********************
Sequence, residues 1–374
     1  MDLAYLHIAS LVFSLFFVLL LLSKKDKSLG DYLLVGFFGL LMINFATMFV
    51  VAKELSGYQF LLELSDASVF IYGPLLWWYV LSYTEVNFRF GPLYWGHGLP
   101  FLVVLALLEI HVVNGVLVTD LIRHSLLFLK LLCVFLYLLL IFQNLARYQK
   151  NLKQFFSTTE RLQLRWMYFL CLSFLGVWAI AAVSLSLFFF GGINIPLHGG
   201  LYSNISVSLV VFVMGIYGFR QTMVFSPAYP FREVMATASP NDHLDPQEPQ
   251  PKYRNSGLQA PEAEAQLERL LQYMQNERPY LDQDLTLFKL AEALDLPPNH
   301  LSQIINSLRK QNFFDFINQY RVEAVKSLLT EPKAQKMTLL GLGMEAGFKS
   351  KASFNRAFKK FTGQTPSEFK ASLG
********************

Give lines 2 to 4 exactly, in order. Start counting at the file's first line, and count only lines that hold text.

     1  MDLAYLHIAS LVFSLFFVLL LLSKKDKSLG DYLLVGFFGL LMINFATMFV
    51  VAKELSGYQF LLELSDASVF IYGPLLWWYV LSYTEVNFRF GPLYWGHGLP
   101  FLVVLALLEI HVVNGVLVTD LIRHSLLFLK LLCVFLYLLL IFQNLARYQK